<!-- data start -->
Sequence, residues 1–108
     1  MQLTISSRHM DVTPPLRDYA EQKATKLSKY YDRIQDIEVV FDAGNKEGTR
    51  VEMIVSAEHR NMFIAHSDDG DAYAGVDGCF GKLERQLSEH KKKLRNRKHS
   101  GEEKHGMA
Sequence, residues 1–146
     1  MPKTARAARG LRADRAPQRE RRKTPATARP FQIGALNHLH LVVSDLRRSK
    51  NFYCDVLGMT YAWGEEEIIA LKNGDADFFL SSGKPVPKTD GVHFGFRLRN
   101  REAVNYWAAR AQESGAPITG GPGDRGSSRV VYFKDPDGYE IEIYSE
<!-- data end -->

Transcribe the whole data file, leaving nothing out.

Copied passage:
Sequence, residues 1–108
     1  MQLTISSRHM DVTPPLRDYA EQKATKLSKY YDRIQDIEVV FDAGNKEGTR
    51  VEMIVSAEHR NMFIAHSDDG DAYAGVDGCF GKLERQLSEH KKKLRNRKHS
   101  GEEKHGMA
Sequence, residues 1–146
     1  MPKTARAARG LRADRAPQRE RRKTPATARP FQIGALNHLH LVVSDLRRSK
    51  NFYCDVLGMT YAWGEEEIIA LKNGDADFFL SSGKPVPKTD GVHFGFRLRN
   101  REAVNYWAAR AQESGAPITG GPGDRGSSRV VYFKDPDGYE IEIYSE